A decision by the UK to support further research and development of a new IVF technique to enable women carrying defective mitochondrial DNA to have healthy babies has made headlines worldwide. Professor Michael Hanna, Consultant Neurologist at The Physicians’ Clinic and Director of the MRC Centre for Neuromuscular Diseases
was interviewed widely when the news broke, providing comment for Sky News, Aljazeera Live and other major news outlets. Here, he explains the facts behind the media coverage.
“The UK is leading the world in this development, which is a modification of the technique used widely for in vitro fertilisation (IVF). Routine IVF gives couples facing infertility the opportunity to become parents; this new technique gives women known to be carrying a potentially fatal disease the chance to not only have a baby, but to have a baby that survives more than a few days or weeks and is healthy,” says Professor Hanna.
What are mitochondria?
Mitochondria (see diagram of a human mitochondria, above right) are small components that are present in every cell in the body. They act as a type of rechargeable battery and provide the energy for everything that the cell does. If all your mitochondria were to suddenly stop working, you would die within minutes because your muscles, heart and brain would have no energy to maintain essential functions.
Whether we are male or female, we all inherit our mitochondria from our mother. Mitochondria have their own small amount of DNA containing about 37 genes. Compared with the DNA in the cell nucleus, commonly known as the genome, which has 20,000 genes, it’s tiny.
The sole function of mitochondrial genes is to allow the mitochondria to produce energy. Mitochondrial DNA does not determine a person’s physical characteristics, which are all controlled by those 20,000 genes located in the nucleus of every body cell.
These mitochondrial genes can become damaged (mutated), just like any other genes. If a mutation arises in the mitochondrial DNA, all the mitochondria that a mother passes onto her children will be potentially defective.
What is mitochondrial disease?
There are many different kinds of mitochondrial disease. All affect the ability of mitochondria to produce energy for the cell and all can be passed on from one generation to the next.
A genetic mitochondrial disease may affect a baby from birth or may cause serious neurological disease in childhood. A woman may be healthy but she may have a mutation in the mitochondrial genes in the mitochondria in her eggs. This means that although she can produce eggs, and the DNA within the nucleus of that egg is capable of combining with a sperm to produce a healthy baby, she may not pass on healthy mitochondria.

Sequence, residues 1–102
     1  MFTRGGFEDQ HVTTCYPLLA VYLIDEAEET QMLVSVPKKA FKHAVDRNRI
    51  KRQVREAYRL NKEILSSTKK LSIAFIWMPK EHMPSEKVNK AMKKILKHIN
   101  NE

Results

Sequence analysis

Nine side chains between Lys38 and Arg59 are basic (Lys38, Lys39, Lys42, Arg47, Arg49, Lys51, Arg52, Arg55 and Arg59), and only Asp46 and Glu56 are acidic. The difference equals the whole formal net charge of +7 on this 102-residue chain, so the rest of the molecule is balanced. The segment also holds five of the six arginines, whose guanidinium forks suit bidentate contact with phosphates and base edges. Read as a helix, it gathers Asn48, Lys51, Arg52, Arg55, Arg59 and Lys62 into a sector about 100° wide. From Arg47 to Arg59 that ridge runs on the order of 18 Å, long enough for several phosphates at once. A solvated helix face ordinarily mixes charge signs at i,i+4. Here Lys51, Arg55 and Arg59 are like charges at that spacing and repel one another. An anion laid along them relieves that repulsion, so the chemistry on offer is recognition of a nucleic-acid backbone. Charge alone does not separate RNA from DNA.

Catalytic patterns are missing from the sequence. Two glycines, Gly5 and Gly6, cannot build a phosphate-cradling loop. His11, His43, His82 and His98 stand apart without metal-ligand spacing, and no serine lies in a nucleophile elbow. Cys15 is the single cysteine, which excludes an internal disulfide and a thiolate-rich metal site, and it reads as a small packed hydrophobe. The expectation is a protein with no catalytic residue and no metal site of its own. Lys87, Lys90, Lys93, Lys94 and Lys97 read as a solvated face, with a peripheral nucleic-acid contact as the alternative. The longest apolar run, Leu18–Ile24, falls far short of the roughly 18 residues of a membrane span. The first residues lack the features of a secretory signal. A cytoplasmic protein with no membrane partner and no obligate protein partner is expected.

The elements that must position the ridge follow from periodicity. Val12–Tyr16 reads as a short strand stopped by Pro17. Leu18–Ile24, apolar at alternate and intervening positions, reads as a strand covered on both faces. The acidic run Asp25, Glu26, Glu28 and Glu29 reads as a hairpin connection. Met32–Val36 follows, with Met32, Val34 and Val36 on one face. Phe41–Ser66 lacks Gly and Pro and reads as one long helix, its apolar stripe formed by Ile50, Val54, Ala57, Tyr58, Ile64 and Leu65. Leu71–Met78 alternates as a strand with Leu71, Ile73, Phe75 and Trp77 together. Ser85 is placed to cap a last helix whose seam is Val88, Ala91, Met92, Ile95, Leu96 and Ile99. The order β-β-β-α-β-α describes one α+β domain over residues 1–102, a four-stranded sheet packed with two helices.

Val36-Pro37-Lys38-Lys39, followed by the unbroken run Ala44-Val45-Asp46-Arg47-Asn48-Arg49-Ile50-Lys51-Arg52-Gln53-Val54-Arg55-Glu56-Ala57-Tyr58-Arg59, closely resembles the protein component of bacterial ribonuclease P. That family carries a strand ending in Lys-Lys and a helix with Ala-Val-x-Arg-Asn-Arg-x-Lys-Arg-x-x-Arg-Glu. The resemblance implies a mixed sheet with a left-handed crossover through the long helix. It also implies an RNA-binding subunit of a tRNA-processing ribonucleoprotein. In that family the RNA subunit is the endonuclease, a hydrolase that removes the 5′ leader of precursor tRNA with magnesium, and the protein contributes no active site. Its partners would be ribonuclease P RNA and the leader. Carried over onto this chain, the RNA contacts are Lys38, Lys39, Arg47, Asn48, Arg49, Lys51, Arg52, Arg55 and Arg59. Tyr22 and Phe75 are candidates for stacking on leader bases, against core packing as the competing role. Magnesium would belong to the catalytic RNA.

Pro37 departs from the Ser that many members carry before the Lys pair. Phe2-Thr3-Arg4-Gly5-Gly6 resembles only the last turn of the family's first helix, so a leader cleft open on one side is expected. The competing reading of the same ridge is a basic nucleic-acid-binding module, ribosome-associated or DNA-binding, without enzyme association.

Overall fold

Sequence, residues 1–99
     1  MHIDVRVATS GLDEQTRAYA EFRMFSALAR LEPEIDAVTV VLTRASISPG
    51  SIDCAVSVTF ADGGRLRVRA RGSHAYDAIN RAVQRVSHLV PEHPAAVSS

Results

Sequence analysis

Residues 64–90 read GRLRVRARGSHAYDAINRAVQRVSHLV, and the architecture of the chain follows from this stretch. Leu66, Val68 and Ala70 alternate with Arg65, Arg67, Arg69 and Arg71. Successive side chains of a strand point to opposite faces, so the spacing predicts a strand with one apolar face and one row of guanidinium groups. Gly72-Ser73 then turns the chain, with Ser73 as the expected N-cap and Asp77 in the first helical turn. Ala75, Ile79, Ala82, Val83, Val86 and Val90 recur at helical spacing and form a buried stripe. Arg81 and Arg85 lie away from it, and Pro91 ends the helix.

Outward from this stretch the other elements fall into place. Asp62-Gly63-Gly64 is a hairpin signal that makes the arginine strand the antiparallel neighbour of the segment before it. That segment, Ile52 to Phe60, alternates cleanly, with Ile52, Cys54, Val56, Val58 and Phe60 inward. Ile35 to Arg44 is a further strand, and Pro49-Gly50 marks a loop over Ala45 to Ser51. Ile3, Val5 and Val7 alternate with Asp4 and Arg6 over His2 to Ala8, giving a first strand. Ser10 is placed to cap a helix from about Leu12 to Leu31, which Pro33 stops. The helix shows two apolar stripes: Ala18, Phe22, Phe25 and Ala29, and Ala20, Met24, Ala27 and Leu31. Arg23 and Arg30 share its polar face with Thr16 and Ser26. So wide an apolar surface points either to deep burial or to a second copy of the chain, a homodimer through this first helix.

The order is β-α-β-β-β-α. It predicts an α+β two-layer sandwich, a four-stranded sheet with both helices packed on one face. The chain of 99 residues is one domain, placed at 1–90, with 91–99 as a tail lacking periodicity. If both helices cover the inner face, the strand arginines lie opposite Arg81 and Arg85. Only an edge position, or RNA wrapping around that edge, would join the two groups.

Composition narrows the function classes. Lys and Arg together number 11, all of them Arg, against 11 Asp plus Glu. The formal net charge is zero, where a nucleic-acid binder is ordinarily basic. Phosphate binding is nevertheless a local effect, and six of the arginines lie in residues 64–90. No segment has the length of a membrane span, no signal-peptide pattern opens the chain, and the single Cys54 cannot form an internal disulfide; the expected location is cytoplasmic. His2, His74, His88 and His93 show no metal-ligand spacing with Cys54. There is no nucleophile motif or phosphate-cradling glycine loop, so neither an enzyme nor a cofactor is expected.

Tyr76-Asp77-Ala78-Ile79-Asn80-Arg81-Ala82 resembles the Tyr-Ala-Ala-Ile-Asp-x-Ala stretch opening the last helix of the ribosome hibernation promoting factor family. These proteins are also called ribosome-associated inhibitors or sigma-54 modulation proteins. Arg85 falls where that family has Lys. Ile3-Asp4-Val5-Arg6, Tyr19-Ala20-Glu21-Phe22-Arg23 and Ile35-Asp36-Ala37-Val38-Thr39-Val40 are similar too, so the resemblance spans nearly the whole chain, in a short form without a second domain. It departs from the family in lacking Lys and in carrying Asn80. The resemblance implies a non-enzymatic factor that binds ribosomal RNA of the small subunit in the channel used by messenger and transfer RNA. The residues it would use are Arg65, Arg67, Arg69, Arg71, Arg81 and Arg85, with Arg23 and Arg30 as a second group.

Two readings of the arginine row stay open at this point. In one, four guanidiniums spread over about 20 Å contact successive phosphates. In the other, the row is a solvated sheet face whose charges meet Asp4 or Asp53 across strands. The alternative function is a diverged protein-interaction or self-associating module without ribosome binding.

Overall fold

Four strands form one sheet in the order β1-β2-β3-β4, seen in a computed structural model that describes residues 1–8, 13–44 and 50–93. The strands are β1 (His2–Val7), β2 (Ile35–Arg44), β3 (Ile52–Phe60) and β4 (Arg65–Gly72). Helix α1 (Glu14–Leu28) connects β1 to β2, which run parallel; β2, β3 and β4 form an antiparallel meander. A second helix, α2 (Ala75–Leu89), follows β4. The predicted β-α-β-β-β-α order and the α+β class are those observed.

All of her children will inherit defective mitochondria. One woman, Sharon Bernardi
, supports the new IVF technique to prevent mitochondrial disease because she lost all seven of her children. Only two survived more than a few days; one lived to be two years old and her only son to reach adulthood died in 2012 aged just 21.
How many people are affected?
Around 10 babies are born in the UK each year with a mitochondrial disease that is either fatal within a few days or that leads to extreme health problems that shorten life.
Because mitochondrial disease is difficult to diagnose; a couple might have two or more babies die before the problem is diagnosed. Until now there was no way to provide reproductive choices so that these couples, already traumatised by losing one child or more, could have a healthy baby.
How can the new IVF technique help?
For women diagnosed as carriers of mitochondrial disease, it means a chance to have a baby that is healthy. As Sharon Bernardi has said to the BBC, it’s not about designing a baby with ‘desirable’ features, or saying that disable children or adults cannot live productive lives. It’s about providing these women and their partners with the choice to decide whether to remain childless or to have a baby that has a good chance of living.
What does the new IVF technique involve?
Eggs and sperm are taken from the biological parents, as with any IVF cycle. The nucleus from the mother’s egg is removed from the egg casing and transferred into a donated egg from another woman. This has had its nucleus and the entire nuclear DNA removed; only the healthy mitochondria and the egg casing remain. This egg is then fertilised using the father’s sperm in vitro, and the resulting embryo is implanted into the womb.
“The headlines that have referred to ‘3-parent babies’ and ‘designer babies’ are misleading,” stresses Professor Hanna. “A child born as a result of this IVF technique would have two parents, the mother and the father. The egg donor is simply providing the healthy mitochondria, which then divide and enter each of the embryo’s cells, allowing them to function normally.”
Safeguards and public consultation
The announcement, by Professor Dame Sally Davies, Chief Medical Office, that the UK will produce draft regulations on this technique later in 2013 follows a public consultation that resulted in widespread support.
“This is a new technique and ground-breaking. Some people are opposed to it because they think it will lead onto using IVF for sinister reasons, but that is never going to happen,” says Professor Hanna. “The regulations in the UK are the strictest in the world and this new IVF technique will be available under very severe restrictions for women diagnosed with a mitochondrial disorder. For them, it means regaining the hope of having a healthy baby and a family life.”